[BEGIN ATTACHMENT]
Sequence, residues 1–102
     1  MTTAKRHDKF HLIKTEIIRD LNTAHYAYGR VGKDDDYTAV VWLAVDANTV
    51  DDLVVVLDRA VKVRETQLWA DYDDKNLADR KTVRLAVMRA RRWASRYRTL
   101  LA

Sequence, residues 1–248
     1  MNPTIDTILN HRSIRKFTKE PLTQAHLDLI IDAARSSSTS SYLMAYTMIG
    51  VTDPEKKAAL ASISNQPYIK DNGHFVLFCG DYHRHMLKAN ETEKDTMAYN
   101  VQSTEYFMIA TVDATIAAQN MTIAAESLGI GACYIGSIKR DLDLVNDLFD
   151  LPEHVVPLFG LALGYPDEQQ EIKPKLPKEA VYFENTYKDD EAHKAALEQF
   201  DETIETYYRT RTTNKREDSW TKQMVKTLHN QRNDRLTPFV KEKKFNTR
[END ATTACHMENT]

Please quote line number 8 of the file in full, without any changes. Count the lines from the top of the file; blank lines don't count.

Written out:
   101  VQSTEYFMIA TVDATIAAQN MTIAAESLGI GACYIGSIKR DLDLVNDLFD